To address the aforementioned issues, herein, the use of a new resin developed by Creative CADworks (CCW Master Mold for PDMS devices) for the fabrication of master molds directly by the DLP 3D printing method is optimized. It is shown that the 3D printed templates obtained using this resin can be immediately casted with PDMS without any pretreatment or surface modification. By way of explanation, the process of master mold design to microchip fabrication has been reduced from a time frame of several days (for a conventional softlithography process) to less than 5 h. In order to showcase the functionality of this resin, four different microfluidic devices have been developed. In this digest version, the focus lies on the application in cell culturing. The surface of the PDMS replica obtained from the 3D printed mold is also evaluated to investigate the bonding quality of PDMS.
The workflow of the master mold preparation by DLP/SLA 3D printing method and microfluidic resin is shown in Figure 1. A) The desired master mold is drawn. The beauty of microfluidic devices is that they require neither intricate geometries nor professional CAD drawer. Thus, the CAD drawing process will not take a long time. B) The design is then printed using a DLP/SLA 3D printer, and the residuals are removed from the surface of the mold. C) Afterward, PDMS is poured in the master mold, and D) in the final stage, PDMS is peeled‐off, bonded to a glass or PDMS layer, and the finalization followed by the installation of inlets and outlets.
Figure 1: The workflow of the master mold preparation by DLP/SLA 3D printing method and microfluidic resin.
Surface characterizations of the 3D printed mold and PDMS were analyzed using 3D laser microscopy (Olympus LEXT OLS5000); to this end, an LMPLFLN 20× LEXT objective lens (Olympus) was selected. Arithmetic mean deviation (Ra), the arithmetic mean of absolute ordinate Z (x,y) documented along a sampling length, and arithmetical mean height (Sa), the arithmetic mean of the absolute ordinate Z (x,y) documented along an evaluation area were chosen to evaluate the surface characterization of the samples.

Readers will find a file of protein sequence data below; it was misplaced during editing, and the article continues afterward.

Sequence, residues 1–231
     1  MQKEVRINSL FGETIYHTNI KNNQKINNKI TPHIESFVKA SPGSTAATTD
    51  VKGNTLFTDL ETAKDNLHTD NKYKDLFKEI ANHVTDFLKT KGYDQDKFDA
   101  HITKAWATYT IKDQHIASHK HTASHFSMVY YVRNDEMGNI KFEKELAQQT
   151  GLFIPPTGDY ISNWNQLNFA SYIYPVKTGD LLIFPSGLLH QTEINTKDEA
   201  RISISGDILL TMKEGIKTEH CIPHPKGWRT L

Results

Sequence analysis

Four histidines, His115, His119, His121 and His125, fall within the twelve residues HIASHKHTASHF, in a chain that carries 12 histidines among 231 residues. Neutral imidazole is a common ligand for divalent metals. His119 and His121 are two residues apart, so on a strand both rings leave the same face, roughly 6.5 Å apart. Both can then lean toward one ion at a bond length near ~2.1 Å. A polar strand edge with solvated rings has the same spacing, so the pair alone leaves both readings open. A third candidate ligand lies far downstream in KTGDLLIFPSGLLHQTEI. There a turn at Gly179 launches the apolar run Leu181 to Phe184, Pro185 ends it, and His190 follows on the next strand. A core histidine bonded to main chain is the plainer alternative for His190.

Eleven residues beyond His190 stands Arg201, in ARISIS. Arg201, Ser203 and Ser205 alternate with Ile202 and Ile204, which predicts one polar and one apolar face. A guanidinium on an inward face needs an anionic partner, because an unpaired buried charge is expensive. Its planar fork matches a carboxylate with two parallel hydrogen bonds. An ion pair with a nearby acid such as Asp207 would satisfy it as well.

After fabricating the 3D printed molds and removal of any residual resin, PDMS was casted on the master molds. For the sake of comparison, two different molds were fabricated, one with a conventional DLP resin and the other with the newly developed microfluidic resin. The main challenge with conventional DLP resin is that due to the presence of unreacted monomers, complete polymerization of PDMS cannot occur, resulting in the presence of residual material on both the PDMS and the mold.
The comparison between the mold fabricated via conventional resin and the microfluidic resin reveals that these two molds have identical surface roughness, and the smallest channel height for the fabrication of molds can be achieved with a thickness layer of 30 µm. However, for this thickness layer, the curing time of each layer for the newly developed resin is 6.5 s, which is more than the conventional one which is 1.3–1.5 s; as more time must be devoted to the methacrylated resins to be completely polymerized and cured. All in all, the fabrication time for both molds took less than an hour which is much faster than other methods. Also, the inset in Figure 2A shows the contact angle of the 3D printed molds. The contact angle measurement reveals that both surfaces are hydrophilic; however, the microfluidic resin is slightly more hydrophilic than the conventional one.